Ladies and gentlemen,
Last year, when we had gathered here as a select committee to commemorate 75 years of freedom, I ended my speech by expressing the hope that we would meet again under ‘normal circumstances’ the following year. We all know it has not come to pass; we are still facing many restrictions due to the COVID-19 pandemic.
Again, we are gathered today with a small party in an adjusted manner to commemorate the victims of the Second World War and the victims of conflicts, wars, and peacekeeping missions.
Every year, the National Committee for 4 and 5 May chooses an overall theme for the commemorations organised throughout the Kingdom. This year, the theme is ‘The Foundation of Freedom’.
Freedom, what does this actually mean? Does freedom mean you can go wherever you please? That you can think and say anything you want? Everybody has his own idea of freedom.
During this COVID-19 pandemic, the vulnerability of freedom and the fact that freedom cannot be taken for granted have become acutely clear. When I look at the foundation of freedom in this crisis, there is a major responsibility on governments, mayors, and island governors. They have had to take drastic measures concerning the foundation of freedom we all cherish. They have had to make decisions with drastic consequences for freedoms we consider normal and take for granted nowadays.
Restrictions to the freedom which are only allowed in unsafe and exceptional situations. Restrictions to the freedom of all people in our society in the interest of our own health and safety, as well as to protect those in our society who are vulnerable. Restrictions to freedom to be able to continue to ensure that all people in our society can receive the care they need.
Sometimes, we experience the measures taken by those in charge during times of COVID-19 as unpleasant, they are inconvenient to us, and sometimes we do not understand them. It feels like a freedom restriction we do not wish to accept. Sometimes, this is because we want to lift the restriction because it makes it impossible for us to meet our friends or family in the way we are used to. Sometimes, because a road or beach is closed, we cannot celebrate an important holiday in the way we normally do. Sometimes, because we are simply not used to having our freedom restricted. Yet, we have to respect and comply with the measures, even though we do not always understand them.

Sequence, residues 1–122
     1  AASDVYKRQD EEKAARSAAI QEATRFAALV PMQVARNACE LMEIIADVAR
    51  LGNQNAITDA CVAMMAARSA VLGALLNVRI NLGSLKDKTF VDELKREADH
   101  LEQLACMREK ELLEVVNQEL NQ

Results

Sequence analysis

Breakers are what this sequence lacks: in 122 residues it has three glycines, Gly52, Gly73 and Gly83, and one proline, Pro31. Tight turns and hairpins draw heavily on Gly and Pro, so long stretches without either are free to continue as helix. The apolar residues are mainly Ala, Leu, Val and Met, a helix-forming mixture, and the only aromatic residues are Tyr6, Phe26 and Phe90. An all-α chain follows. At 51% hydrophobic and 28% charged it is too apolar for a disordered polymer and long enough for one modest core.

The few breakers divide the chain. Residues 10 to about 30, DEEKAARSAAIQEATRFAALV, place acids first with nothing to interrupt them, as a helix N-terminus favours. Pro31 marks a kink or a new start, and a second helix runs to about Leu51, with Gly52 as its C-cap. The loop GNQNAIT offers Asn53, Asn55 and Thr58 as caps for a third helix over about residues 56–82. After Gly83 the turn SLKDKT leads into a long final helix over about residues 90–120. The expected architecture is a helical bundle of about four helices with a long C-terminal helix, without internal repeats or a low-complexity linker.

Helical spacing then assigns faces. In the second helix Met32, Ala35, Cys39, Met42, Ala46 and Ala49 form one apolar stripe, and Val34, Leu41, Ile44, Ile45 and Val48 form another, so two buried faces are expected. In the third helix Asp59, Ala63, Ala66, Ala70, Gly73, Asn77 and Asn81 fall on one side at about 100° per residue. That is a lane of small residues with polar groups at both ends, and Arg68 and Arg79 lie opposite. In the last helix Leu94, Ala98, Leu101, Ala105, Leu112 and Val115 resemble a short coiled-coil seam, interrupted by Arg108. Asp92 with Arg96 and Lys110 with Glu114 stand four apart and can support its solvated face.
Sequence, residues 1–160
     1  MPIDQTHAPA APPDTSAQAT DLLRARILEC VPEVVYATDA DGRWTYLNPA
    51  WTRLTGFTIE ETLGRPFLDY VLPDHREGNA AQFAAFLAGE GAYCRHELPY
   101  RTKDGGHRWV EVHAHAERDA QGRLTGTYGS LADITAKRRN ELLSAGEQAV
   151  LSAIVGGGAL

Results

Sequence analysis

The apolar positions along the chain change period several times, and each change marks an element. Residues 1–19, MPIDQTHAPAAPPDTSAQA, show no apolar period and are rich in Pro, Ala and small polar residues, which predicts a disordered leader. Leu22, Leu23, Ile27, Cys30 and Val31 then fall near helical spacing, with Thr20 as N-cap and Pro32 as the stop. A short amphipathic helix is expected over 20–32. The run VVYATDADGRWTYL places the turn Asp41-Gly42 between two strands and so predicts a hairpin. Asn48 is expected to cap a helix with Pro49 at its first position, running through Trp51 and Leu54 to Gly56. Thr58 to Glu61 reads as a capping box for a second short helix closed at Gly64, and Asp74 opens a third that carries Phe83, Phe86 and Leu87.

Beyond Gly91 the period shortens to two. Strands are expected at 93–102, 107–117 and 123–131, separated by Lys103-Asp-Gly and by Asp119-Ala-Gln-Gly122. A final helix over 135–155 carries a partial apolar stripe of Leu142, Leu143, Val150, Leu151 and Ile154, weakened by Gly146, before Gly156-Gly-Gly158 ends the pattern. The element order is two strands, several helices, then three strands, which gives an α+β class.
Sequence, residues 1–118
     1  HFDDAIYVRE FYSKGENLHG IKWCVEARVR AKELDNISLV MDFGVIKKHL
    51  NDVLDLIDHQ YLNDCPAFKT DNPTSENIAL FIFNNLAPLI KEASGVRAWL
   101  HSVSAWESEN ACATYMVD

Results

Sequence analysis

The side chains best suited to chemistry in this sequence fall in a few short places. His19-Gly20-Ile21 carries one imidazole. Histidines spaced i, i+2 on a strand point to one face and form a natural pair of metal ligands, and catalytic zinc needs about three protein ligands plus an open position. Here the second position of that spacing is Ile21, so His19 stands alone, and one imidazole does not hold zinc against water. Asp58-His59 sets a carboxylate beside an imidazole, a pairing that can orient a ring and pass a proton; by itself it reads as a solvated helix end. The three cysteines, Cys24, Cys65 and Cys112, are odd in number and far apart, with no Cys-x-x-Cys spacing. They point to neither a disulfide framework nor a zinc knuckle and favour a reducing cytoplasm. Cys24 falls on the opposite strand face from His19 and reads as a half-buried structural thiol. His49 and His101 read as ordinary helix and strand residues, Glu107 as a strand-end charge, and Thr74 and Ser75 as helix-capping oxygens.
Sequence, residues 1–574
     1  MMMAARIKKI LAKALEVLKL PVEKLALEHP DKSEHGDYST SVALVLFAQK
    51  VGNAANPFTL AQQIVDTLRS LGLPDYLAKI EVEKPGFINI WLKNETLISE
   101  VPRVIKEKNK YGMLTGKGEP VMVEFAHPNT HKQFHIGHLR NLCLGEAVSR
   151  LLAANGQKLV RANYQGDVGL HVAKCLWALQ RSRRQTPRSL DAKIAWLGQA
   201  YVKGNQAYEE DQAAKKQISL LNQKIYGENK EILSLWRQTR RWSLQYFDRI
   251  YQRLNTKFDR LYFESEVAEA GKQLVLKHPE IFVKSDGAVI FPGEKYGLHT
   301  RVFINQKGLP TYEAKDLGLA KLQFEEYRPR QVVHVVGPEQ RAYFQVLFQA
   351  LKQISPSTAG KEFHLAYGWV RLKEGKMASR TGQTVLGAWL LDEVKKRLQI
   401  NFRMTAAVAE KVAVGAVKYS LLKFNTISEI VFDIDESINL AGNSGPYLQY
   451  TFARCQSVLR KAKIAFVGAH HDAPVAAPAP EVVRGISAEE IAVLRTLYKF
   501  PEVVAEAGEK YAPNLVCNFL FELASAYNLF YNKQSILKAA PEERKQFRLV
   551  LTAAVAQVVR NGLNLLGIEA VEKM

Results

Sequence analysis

At the same time, it is essential that we realise we live in a society where the people in charge are also supervised. They are supervised by the Upper and Lower Houses of Parliament, by the city councils and the island councils. And this is a foundation of freedom too. A foundation in which it has been stipulated that a person in charge cannot restrict our freedom just like that. Such foundation entails that those in charge and everybody in society realise that these restrictions to freedom cannot and should not take longer than necessary. That we have open and respectful discussions at those places that are officially intended for these discussions to take place.
This is a crucial foundation of the freedom in our system. These checks and balances ensure that our foundation of freedom is not unnecessarily affected. That we may and can have differences of opinion and that we have the freedom to discuss the necessity of taking measures. To me, this system – in which it is safeguarded that a government can only interfere in exceptional situations and that this government is supervised by representatives of the people – is currently the most striking example of a foundation of freedom.
Fortunately, we can regain this freedom one small step at a time. Perhaps, we learn to appreciate the freedom we actually had in this COVID-19 period.
Let us be there for each other, especially now. Let us realise that peace and freedom should never be taken for granted. That we have to continue to work together on peace and freedom. Let us commemorate together in mutual solidarity, every individual with his or her own recollections and thoughts.
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